International Monetary Policy Coordination:
Past, Present and Future
This paper examines two explanations for the recent spate of complaints about crossborder
monetary policy spillovers and calls for international monetary policy coordination, a
development that contrasts sharply with the monetary system in the 1980s, 1990s and until
recently. The first explanation holds that deviations from rules-based policy at several central
banks created incentives for other central banks to deviate from such policies. The second
explanation either does not see deviations from rules or finds such deviations benign; it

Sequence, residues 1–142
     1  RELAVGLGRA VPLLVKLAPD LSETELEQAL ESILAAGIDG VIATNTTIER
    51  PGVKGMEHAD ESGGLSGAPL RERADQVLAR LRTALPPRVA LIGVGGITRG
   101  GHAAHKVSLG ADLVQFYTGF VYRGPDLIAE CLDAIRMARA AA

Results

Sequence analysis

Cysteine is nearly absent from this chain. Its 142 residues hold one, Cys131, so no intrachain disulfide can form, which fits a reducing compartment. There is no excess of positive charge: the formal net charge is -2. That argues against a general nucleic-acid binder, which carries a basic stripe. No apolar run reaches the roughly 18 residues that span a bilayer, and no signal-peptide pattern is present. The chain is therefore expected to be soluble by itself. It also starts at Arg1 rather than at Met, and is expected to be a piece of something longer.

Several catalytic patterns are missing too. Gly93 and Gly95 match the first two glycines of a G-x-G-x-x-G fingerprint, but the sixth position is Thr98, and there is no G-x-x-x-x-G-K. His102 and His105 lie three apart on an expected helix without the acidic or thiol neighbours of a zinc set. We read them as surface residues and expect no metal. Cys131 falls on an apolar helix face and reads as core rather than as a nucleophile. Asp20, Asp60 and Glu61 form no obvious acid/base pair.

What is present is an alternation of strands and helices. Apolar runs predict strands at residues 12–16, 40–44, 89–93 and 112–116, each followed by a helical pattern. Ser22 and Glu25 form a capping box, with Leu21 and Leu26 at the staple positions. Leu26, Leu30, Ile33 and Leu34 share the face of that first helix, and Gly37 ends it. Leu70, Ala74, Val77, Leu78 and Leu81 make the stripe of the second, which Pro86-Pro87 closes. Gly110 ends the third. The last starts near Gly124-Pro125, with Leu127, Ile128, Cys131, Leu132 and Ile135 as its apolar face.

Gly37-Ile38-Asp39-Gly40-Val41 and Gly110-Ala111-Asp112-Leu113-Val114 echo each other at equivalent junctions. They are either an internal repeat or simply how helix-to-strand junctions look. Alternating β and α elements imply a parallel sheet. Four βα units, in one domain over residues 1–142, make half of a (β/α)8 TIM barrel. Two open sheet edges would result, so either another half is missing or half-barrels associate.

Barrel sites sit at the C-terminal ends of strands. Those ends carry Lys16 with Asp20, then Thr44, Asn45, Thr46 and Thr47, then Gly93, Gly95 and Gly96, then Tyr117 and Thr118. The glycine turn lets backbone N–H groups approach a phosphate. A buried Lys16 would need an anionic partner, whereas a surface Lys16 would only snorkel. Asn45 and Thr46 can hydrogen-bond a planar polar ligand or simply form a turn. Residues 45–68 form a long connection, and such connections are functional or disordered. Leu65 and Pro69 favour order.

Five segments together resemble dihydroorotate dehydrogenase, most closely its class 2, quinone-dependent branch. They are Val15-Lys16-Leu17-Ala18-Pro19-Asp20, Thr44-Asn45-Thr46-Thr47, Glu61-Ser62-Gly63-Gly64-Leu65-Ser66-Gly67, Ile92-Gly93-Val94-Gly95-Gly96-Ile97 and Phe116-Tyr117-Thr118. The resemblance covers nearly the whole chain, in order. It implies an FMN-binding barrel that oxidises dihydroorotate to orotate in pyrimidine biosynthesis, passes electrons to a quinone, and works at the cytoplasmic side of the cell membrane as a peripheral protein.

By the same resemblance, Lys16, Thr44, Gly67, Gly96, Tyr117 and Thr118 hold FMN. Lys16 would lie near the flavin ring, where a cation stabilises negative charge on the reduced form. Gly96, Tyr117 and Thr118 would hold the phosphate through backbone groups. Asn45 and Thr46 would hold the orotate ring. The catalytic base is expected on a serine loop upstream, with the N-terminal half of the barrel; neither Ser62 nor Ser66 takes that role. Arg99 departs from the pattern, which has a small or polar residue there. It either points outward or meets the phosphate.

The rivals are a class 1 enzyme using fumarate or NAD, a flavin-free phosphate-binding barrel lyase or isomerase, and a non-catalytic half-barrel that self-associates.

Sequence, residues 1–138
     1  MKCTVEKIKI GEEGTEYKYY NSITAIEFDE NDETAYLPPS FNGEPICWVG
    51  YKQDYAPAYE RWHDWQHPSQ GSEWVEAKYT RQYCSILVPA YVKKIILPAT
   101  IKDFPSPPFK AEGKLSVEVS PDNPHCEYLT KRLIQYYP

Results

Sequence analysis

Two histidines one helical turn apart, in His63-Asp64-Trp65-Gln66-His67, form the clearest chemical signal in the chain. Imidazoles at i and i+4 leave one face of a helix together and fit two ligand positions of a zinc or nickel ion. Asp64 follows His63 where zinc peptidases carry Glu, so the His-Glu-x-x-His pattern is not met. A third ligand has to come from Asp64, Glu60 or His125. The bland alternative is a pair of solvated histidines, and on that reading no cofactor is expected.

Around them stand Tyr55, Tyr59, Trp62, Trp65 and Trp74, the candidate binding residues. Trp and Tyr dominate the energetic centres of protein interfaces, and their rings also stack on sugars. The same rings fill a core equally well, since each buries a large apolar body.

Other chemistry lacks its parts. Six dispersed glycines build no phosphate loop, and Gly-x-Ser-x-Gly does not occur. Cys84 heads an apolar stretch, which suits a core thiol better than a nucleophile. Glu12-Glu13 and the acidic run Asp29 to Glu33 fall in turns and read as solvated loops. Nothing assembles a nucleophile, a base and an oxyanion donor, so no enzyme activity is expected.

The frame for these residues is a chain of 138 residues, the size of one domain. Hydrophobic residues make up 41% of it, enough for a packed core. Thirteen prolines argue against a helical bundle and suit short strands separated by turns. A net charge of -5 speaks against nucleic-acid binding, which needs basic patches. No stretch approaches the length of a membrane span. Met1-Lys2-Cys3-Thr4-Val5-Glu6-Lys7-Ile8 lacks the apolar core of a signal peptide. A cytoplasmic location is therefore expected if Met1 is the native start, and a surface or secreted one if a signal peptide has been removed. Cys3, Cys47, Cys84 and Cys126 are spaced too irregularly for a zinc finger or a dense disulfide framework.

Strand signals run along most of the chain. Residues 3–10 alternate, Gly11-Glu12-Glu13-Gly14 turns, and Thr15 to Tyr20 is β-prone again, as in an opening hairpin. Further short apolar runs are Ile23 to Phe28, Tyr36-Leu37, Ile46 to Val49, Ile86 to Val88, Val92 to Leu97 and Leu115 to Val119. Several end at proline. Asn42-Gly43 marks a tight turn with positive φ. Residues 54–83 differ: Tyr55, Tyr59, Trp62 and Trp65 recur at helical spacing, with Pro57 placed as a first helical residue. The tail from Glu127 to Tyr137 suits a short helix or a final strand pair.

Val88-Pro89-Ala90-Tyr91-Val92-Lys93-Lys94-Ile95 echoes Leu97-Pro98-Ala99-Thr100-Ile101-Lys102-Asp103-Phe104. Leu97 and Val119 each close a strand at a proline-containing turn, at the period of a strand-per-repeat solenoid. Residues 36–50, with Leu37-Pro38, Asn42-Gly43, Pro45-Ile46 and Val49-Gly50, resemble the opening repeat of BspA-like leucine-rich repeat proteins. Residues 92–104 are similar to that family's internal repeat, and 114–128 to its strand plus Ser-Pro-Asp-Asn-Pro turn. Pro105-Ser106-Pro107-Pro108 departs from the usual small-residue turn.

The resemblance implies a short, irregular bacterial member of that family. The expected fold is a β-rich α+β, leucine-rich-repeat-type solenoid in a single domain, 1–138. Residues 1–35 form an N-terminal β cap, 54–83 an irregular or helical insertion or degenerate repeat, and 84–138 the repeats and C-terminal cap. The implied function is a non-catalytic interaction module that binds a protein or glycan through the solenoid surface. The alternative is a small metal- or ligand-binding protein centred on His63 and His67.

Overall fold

characterizes recent unusual monetary policies as appropriate, explains the complaints as an
adjustment to optimal policies, and downplays concerns about interest rate differentials and
capital controls. Going forward the goal should be an expanded rules-based system similar to the
1980s and 1990s which would operate near an international cooperative equilibrium.
International monetary policy coordination—at least formal discussions of rules-based policies
and the issues reviewed here—would help the world get to this desirable situation.